GEDI Week: Kwamé A. McIntosh on Using Culturally-Responsive Evaluation to build Interagency Collaboration

Greetings from Washington, D.C.! My name is Kwamé A. McIntosh, member of the American Evaluation Association’s Graduate Education Diversity Internship (GEDI) 2012-2013 cohort. Today, I am eager to share with you my experience that I had as an Assistant Education Evaluator for the National Oceanic and Atmospheric Association’s (NOAA) Office of Education (OED).

As a scholar, I was given an opportunity to conduct a process and outcome evaluation of five years of statistical data about the effectiveness of two scholarship programs for undergraduate students to expand their knowledge of the atmospheric, oceanic, and/or environmental sciences. Since the students participated in their internships within the summer, I would never have the opportunity to interact or engage with the clients. This meant developing a relationship with staff members who worked directly with the population to gain a viable understanding of the program and its participants, though the staff members for this program were located at another NOAA location. Though each site is under the umbrella of the OED, I was still an evaluator who was responsible for unveiling the effectiveness of the program.  Though it took time, through responsive pro-activity versus reactivity, I gained the insight needed to provide practical deliverables while assisting in solidifying the bridge between both facilities.

Lesson #1: Trust is earned, not given. The process of gaining trust may be the difference between empowering your client or becoming the enemy.

Lessons #2: It is the evaluator’s duty to be purposeful in engagement, not the client. In Hazel Symonette’s “Walking Pathways Toward Becoming a Culturally Competent Evaluator: Boundaries, Borderlands, and Border Crossings”, she highlights the need to have multilateral self-awareness by asking “Who do those that one is seeking to communicate with and engage perceive the evaluator as being?” Many times due to social misunderstandings of the role of evaluator, clients tend to become distrustful towards us, which will ultimately result of in difficulty in conducting the evaluation and/or not gaining valuable insight to truly impact the client. This can be addressed by constantly removing “self” out of its box and being willing to reform “self” in another completely for the sake of utilizable evaluation outcomes.

The American Evaluation Association is celebrating Graduate Education Diversity Internship (GEDI) Program week. The contributions all this week to aea365 come from AEA’s GEDI Program and its interns. For more information on GEDI, see their webpage here: http://www.eval.org/GEDI  Do you have questions, concerns, kudos, or content to extend this aea365 contribution? Please add them in the comments section for this post on the aea365 webpage so that we may enrich our community of practice. Would you like to submit an aea365 Tip? Please send a note of interest to aea365@eval.org. aea365 is sponsored by the American Evaluation Association and provides a Tip-a-Day by and for evaluators.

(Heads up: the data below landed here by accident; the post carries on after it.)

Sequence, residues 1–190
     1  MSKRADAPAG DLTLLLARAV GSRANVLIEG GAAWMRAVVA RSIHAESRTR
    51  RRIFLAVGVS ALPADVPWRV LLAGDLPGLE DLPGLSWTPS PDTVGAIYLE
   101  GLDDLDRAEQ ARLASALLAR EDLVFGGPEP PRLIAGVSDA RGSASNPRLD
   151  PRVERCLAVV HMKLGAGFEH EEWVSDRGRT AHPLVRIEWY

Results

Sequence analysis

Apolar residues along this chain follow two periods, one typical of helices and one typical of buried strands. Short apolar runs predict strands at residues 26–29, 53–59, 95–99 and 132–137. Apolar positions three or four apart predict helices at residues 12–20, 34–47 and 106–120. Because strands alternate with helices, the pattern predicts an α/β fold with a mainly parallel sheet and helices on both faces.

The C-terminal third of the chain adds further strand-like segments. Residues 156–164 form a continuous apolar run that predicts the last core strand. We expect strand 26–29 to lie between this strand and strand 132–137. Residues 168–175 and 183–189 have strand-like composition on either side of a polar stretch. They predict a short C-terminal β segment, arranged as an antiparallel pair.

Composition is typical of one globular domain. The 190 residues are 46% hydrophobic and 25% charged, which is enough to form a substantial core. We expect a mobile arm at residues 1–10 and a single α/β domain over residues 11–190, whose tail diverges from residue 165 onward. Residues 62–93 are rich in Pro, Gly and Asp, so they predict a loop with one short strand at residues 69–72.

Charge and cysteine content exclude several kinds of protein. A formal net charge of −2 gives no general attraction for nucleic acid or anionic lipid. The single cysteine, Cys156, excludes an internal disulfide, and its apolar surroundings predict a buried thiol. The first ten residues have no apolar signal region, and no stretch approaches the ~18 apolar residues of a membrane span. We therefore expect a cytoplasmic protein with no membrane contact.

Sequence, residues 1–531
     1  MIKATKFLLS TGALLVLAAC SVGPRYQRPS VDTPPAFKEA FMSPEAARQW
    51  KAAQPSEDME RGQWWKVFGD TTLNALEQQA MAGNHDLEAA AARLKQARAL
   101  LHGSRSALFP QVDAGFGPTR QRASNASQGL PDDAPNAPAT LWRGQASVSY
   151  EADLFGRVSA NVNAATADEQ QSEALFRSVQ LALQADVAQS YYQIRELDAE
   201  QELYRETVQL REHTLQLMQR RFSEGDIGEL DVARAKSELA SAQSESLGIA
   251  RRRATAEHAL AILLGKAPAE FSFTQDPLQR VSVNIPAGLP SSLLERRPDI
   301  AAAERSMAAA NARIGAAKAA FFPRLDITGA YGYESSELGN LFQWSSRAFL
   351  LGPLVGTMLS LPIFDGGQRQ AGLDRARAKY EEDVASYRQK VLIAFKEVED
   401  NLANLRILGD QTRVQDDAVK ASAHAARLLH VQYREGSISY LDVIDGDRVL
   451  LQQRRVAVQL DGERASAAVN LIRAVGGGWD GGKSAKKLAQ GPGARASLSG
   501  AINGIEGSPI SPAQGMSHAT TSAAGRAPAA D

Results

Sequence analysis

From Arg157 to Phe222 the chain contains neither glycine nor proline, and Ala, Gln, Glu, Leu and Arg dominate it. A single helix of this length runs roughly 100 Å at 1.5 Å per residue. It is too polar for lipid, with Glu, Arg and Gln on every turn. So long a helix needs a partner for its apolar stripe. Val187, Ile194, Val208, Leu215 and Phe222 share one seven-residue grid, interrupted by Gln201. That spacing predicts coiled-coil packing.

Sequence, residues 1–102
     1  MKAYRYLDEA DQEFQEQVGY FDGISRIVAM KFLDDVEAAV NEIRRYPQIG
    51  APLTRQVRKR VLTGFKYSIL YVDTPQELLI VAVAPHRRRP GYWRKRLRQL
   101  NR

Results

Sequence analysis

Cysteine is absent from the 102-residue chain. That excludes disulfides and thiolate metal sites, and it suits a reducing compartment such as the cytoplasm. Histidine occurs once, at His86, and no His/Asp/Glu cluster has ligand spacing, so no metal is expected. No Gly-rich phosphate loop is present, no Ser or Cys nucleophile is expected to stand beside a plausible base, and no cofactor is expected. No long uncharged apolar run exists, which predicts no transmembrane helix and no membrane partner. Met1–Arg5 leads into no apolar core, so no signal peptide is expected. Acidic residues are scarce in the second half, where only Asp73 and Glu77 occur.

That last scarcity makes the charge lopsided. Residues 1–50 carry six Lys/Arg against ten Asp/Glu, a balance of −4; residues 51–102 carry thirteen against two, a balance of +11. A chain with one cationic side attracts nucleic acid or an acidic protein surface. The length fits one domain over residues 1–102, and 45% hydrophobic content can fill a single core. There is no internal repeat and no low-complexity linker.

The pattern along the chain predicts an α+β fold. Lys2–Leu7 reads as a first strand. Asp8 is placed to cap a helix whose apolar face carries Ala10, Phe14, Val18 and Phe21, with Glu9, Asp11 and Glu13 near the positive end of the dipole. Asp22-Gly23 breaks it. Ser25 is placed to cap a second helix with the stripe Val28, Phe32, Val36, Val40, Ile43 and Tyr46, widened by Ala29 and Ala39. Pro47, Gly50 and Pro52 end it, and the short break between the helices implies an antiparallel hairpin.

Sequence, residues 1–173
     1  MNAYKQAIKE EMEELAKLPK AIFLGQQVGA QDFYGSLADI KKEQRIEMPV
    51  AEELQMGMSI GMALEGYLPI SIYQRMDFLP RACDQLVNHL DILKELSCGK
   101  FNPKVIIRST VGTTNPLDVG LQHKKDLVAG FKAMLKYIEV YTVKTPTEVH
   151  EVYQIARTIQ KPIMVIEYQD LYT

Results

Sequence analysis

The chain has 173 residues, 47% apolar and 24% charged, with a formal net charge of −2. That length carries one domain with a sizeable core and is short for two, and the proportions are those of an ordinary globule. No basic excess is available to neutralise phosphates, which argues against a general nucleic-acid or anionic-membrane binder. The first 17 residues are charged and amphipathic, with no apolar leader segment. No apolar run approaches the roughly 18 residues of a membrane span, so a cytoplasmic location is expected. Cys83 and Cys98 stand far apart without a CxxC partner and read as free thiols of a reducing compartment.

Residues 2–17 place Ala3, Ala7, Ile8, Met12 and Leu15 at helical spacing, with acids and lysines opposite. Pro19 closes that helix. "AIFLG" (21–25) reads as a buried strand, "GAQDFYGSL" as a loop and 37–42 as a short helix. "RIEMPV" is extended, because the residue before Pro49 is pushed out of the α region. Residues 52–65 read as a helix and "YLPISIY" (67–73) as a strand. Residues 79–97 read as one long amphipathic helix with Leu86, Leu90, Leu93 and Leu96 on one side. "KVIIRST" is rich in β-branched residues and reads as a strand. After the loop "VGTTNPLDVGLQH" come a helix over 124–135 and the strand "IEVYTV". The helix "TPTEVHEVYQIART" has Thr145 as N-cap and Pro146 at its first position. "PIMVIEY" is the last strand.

1 thought on “GEDI Week: Kwamé A. McIntosh on Using Culturally-Responsive Evaluation to build Interagency Collaboration”

  1. Hello Kwamé,
    I am currently taking a Program Evaluation course in the masters program at Queen’s University, and one of our assignments was to find an article that interests us and respond to the author. We have recently discussed dilemmas in evaluation use and one of the issues I explored was the difficulties that often arise with collaboration. I found your article very interesting as you discussed the importance of creating relationships and collaborating with clients. Creating positive client relationships and developing quality communication, are both important aspects that contribute to the successful growth of a program. However finding ways to achieve this can often be complex.
    You stated in your article that, because you were not able to directly engage with the clients, you instead relied on, “developing a relationship with staff members who worked directly with the population to gain a viable understanding of the program and its participants”. I really appreciate how you initiated building relationships using an alternative method in order to accomplish your goal. Building relationships was a common sentiment found in several of the articles I have read related to evaluation use. Shulha and Cousins state in their article that, “evaluators working in partnership with stakeholders are better able to stimulate knowledge production and promote positive reactions to evaluation findings” (1997, p. 200).

    I also found your lessons extremely interesting. Your advice of, “Trust is earned, not given” and “The process of gaining trust, may be the difference between empowering your client or becoming the enemy”, are powerful statements. Throughout this course, I have come to learn that establishing positive relationships with clients from the initial onset of the program and continuation throughout the evaluation process is crucial. As you mentioned, establishing trust is vital. It can lead to the development of positive connections which in turn, can increase the effectiveness of a program.
    I am continually learning about program evaluation and I really enjoyed reading about your personal experience. Thanks for sharing.
    Dana Carter

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